I’ve now finished Jimmy Carter’s book and have a much better understanding of the history and geography of the region. My last post on the subject elicited two very pertinent questions/comments. In that post I stated that Carter points out that the framework for peace has existed for a long time, and writer ptfan1 asks, in that case, What is it?
Writer spencercourt brings up the question of whether Israel has the “right” to exist in the first place. Indeed, the modern problems can be traced back without a doubt to the establishment of Israel in the beginning, and spencercourt answers his own question: might makes right. Or said another way, the Golden Rule is that he who has the gold makes the rules.
On one hand, it’s understandable that the international community, as personified by the U.N., would want to mandate a homeland for the Jews after the horror of the Holocaust. It seems like the least we could do. In addition, I have incredible admiration for the Jews’ resolution never to let themselves be victims on that scale ever again. I have further admiration for their resourcefulness, intelligence, and even ruthlessness in going after those who threaten them (see: Munich, Entebbe). As for a “right” to a homeland, that is now a moot point. The creation of Israel did not occur by a piece of paper issued by the U.N. It was accompanied by another war in which an estimated 900,000 Arabs either fled or were driven from their homes in the new, artificially created land of Israel. They were supposed to be allowed to return, or at least compensated for the loss of their homes and land.
The creation of Israel called for the two-state solution. Part of the land went to form Israel, and part to remain Palestine. An area surrounding Jerusalem and Bethlehem would be an “international” area. Everyone ignored that part and both sides were intent on annexing the other. Now we hear about the two-state solution as if it’s a new idea.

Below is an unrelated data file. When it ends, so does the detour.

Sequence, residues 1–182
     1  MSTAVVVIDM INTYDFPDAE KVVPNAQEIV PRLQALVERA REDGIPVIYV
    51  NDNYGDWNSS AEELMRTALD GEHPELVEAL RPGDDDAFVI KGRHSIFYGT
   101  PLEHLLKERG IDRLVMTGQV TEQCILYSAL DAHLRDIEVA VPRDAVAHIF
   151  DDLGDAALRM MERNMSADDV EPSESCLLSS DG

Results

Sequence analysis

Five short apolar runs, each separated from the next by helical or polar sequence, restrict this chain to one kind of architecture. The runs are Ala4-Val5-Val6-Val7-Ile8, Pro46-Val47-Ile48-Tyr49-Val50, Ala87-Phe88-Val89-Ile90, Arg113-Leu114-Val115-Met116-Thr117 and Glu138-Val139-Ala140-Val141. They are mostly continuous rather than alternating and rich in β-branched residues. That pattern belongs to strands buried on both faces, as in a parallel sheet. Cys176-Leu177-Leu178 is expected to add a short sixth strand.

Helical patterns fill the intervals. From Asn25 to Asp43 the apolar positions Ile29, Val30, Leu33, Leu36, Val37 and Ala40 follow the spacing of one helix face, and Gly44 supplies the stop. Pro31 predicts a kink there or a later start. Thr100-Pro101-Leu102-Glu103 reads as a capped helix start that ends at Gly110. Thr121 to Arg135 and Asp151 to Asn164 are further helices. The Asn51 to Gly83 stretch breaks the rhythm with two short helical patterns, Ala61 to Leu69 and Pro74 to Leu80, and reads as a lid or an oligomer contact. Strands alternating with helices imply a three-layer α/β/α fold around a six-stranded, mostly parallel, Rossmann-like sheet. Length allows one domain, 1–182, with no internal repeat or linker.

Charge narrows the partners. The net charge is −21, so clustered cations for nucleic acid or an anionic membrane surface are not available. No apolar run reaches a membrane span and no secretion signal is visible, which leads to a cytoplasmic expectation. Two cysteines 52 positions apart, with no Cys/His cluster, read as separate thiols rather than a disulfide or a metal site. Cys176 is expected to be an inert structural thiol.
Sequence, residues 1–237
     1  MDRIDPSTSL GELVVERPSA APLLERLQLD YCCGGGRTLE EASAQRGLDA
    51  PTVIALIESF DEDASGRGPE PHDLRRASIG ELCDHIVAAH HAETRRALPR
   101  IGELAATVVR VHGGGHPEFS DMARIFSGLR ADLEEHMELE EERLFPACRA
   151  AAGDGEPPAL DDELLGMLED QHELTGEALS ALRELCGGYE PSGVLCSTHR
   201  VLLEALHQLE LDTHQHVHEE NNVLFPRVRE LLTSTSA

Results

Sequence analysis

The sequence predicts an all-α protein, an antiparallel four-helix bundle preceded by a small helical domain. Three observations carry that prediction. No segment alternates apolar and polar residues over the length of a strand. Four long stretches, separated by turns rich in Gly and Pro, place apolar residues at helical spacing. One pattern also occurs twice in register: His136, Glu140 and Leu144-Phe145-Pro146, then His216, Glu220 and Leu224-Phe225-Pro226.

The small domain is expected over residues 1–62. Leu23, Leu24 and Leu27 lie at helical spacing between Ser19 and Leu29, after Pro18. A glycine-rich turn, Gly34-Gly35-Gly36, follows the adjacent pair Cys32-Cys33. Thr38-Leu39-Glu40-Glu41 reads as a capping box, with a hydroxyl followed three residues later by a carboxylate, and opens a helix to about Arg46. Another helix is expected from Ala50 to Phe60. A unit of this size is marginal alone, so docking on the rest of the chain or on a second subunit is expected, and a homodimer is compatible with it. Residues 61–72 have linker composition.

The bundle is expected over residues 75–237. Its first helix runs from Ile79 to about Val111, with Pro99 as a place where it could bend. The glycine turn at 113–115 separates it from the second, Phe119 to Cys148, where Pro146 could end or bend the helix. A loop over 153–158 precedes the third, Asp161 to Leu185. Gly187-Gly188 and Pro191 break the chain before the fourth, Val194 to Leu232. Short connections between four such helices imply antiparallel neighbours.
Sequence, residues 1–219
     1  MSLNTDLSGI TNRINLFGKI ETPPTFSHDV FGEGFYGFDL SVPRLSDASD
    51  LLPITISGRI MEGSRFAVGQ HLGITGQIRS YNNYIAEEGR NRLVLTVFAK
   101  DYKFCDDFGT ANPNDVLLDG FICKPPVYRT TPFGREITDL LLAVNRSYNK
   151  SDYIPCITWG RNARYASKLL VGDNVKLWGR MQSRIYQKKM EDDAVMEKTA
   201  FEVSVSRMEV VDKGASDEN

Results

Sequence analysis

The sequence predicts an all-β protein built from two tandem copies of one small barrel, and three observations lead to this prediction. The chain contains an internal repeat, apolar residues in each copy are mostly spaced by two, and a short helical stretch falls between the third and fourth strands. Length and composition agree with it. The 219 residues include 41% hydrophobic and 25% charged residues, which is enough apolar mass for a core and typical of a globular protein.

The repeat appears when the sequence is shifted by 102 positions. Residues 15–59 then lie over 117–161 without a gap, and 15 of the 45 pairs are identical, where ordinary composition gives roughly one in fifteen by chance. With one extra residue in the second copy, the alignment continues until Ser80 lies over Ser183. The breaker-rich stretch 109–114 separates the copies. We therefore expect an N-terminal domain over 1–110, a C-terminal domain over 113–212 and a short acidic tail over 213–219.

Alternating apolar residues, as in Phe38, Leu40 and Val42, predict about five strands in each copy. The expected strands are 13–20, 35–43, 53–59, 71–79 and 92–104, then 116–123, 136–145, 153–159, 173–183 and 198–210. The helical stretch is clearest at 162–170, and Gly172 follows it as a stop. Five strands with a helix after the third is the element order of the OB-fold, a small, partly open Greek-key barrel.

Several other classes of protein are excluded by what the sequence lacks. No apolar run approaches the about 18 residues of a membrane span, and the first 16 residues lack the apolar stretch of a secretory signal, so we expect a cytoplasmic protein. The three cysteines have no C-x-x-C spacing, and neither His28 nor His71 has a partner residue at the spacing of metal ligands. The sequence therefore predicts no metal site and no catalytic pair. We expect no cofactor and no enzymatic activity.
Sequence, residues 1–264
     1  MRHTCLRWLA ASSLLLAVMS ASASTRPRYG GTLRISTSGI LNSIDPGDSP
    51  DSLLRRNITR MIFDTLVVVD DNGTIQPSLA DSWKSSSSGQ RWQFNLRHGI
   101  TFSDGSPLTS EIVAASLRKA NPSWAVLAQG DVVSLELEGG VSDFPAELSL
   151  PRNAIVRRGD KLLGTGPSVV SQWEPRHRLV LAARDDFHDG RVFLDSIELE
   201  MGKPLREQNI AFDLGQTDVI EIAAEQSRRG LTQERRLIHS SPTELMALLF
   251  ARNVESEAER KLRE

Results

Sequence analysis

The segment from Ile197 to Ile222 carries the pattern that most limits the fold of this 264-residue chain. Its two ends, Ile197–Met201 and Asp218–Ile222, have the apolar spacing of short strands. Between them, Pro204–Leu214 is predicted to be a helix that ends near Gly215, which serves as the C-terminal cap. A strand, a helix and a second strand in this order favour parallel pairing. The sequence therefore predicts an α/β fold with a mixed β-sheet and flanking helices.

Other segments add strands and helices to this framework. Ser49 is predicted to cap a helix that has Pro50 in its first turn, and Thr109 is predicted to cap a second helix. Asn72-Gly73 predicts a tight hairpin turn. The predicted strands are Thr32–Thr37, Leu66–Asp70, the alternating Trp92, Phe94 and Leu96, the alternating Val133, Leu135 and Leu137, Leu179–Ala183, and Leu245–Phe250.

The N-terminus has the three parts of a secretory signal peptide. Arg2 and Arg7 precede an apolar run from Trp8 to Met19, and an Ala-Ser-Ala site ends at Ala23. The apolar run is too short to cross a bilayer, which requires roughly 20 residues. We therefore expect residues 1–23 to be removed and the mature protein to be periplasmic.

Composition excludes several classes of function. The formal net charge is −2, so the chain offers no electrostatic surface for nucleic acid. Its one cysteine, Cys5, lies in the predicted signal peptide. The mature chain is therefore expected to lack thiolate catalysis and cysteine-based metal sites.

And now: the framework for peace. All subsequent negotiations revolve around U.N. Resolution 242 in 1967. In the Six-Day War of 1967, Israel simultaneously attacked Egypt, Jordan, and Syria and then occupied the Sinai (belonging to Egypt), the Golan Heights (belonging to Syria), and the West Bank (belonging to Jordan). UNR 242 says that Israel must fully withdraw from those areas and be satisifed with the boundaries of their country as established in 1948. There must be a resolution to the refugee problem. The Palestinians must have autonomy. It has been determined to be against international law to establish civilian settlements on land taken by force, and yet as late as 2006, Israel continued to build new settlements in the West Bank.
Jimmy Carter’s description of the West Bank is hellish. It’s a land where Jewish settlements are connected by roads that Palestinians are not allowed to use or even cross. As in Gaza, Israel controls all access into or out of the area (by land or sea or air). Israel must somehow see its way to giving Palestinians more freedom, because they are perpetuating their own misery and creating more terrorists by the day.
War is hell in the region, but so is working for peace. (See: Anwar Sadat, Yitzhak Rabin.)
Carter points out that the apartheid here is not strictly the same as in South Africa but is about the acquisition of land. Israel wants more. Any time they are pressed to give up their settlements or conform to the agreements they have signed themselves, they come up with onerous conditions that will never be met. Any attack on Israel, by some single suicide bomber, is judged to nullify any agreement Israel has ever made. “How are we to guarantee that?” said someone from the West Bank. “If the presence of 200,000 Israelis troops can’t do it, how will we?”
If this commentary sounds pro-Palestinian as opposed to pro-Israeli, that isn’t the case. I am reminded of the NY Times columnist Thomas Friedman, who shared a meal with friends in Egypt during the election process in the U.S. when it looked like Obama had a good chance of winning, and he asked them, Could that ever happen here? In the U.S., a man named Barack Hussein Obama could become the next president. Could a Christian do that here? Their reply: Are you crazy? Of course not.
I was further reminded today of our differences with the Muslim world (not to be equated with terrorists) by a stunning picture in the NY Times of Israel’s Foreign Minister (Tzipi Livni) and the U.S. Secretary of State (Condoleeza Rice) concluding the signing of an agreement whereby the U.S. will help stave off the supply of weapons to Hamas in Gaza. Here are these two powerful, intelligent women–Condi Rice in this blazingly red suit–signing an agreement that commits entire countries to a course of action. Could that happen in Egypt? Or Syria? Or Jordan? Or Saudi Arabia? That two women would be in such positions? Are you crazy? Of course not.